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Africa

C’est le Souffle des Ancêtres

SOUFFLE DE BIRAGO DIOP
Ecoute plus souvent
Les Choses que les Etres
La Voix du Feu s’entend,
Entends la Voix de l’Eau.
Ecoute dans le Vent
Le Buisson en sanglots :
C’est le Souffle des ancêtres.
Ceux qui sont morts ne sont jamais partis :
Ils sont dans l’Ombre qui s’éclaire
Et dans l’ombre qui s’épaissit.
Les Morts ne sont pas sous la Terre :
Ils sont dans l’Arbre qui frémit,
Ils sont dans le Bois qui gémit,
Ils sont dans l’Eau qui coule,
Ils sont dans l’Eau qui dort,
Ils sont dans la Case, ils sont dans la Foule :
Les Morts ne sont pas morts.
Ecoute plus souvent
Les Choses que les Etres
La Voix du Feu s’entend,
Entends la Voix de l’Eau.
Ecoute dans le Vent
Le Buisson en sanglots :
C’est le Souffle des Ancêtres morts,
Qui ne sont pas partis
Qui ne sont pas sous la Terre
Qui ne sont pas morts.
Ceux qui sont morts ne sont jamais partis :
Ils sont dans le Sein de la Femme,
Ils sont dans l’Enfant qui vagit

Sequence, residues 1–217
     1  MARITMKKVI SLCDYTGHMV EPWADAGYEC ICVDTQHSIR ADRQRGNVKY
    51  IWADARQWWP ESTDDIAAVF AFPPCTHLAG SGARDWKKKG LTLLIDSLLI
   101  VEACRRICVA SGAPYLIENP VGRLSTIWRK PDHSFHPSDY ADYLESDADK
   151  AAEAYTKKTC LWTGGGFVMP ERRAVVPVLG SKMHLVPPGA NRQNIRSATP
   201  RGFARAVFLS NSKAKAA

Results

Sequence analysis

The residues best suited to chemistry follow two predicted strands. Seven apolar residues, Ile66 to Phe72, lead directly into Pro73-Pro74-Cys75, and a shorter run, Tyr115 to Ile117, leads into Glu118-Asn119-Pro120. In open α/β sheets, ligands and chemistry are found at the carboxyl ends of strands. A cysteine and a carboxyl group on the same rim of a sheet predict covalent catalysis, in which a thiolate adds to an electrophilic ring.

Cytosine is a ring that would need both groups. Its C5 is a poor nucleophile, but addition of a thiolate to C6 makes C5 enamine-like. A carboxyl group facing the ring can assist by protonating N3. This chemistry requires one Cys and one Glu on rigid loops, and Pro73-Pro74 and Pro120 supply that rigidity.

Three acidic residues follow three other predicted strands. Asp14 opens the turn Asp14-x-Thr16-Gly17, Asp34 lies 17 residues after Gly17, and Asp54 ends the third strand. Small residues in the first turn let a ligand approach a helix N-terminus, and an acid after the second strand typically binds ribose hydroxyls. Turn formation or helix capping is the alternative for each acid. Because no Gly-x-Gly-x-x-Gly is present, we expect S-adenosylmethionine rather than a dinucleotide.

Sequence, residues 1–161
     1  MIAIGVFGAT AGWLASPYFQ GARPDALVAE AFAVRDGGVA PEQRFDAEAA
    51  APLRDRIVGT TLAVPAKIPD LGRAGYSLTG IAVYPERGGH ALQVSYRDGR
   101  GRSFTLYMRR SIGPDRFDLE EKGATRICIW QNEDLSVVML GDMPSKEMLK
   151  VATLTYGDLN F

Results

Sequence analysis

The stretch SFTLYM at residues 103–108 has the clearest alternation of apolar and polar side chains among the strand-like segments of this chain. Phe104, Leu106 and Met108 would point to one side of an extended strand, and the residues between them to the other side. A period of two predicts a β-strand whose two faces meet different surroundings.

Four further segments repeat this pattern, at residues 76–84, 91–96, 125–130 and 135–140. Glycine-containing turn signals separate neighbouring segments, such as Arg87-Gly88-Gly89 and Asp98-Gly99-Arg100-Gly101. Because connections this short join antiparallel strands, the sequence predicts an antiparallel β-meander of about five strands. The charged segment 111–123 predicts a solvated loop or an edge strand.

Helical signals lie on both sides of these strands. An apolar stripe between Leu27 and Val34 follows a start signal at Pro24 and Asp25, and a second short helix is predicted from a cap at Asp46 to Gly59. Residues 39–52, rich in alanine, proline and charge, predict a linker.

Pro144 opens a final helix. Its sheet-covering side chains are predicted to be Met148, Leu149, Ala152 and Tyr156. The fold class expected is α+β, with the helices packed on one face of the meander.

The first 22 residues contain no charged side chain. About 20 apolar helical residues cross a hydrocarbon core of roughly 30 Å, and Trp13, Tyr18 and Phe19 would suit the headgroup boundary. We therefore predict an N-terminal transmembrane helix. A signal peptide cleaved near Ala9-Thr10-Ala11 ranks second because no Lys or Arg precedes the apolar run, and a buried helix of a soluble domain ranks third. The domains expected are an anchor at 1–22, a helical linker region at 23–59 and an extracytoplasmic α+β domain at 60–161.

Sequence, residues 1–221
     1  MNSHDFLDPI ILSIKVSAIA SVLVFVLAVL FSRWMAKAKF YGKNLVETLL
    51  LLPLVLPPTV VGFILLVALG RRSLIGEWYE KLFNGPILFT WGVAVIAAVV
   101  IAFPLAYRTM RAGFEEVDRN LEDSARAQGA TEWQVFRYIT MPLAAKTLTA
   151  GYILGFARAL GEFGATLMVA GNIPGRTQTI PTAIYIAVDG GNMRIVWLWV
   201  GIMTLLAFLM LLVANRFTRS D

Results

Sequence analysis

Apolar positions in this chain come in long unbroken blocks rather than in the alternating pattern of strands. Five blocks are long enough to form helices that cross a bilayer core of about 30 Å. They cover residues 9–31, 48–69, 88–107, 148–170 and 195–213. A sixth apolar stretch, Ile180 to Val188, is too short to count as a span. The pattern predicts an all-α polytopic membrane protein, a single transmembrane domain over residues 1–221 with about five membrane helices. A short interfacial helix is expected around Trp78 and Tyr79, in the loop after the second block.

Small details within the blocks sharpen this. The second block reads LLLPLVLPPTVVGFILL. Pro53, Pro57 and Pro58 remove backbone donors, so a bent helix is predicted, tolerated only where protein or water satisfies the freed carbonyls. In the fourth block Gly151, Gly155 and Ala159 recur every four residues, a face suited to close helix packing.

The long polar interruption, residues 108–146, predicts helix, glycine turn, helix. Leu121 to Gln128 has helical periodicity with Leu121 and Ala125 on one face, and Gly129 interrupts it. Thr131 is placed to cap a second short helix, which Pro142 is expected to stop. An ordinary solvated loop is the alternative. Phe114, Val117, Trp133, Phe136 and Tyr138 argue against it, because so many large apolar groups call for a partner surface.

Et dans le Tison qui s’enflamme.
Les Morts ne sont pas sous la Terre :
Ils sont dans le Feu qui s’éteint,
Ils sont dans les Herbes qui pleurent,
Ils sont dans le Rocher qui geint,
Ils sont dans la Forêt, ils sont dans la Demeure,
Les Morts ne sont pas morts.
Ecoute plus souvent
Les Choses que les Etres
La Voix du Feu s’entend,
Entends la Voix de l’Eau.
Ecoute dans le Vent
Le Buisson en sanglots,
C’est le Souffle des Ancêtres.
Il redit chaque jour le Pacte,
Le grand Pacte qui lie,
Qui lie à la Loi notre Sort,
Aux Actes des Souffles plus forts
Le Sort de nos Morts qui ne sont pas morts,
Le lourd Pacte qui nous lie à la Vie.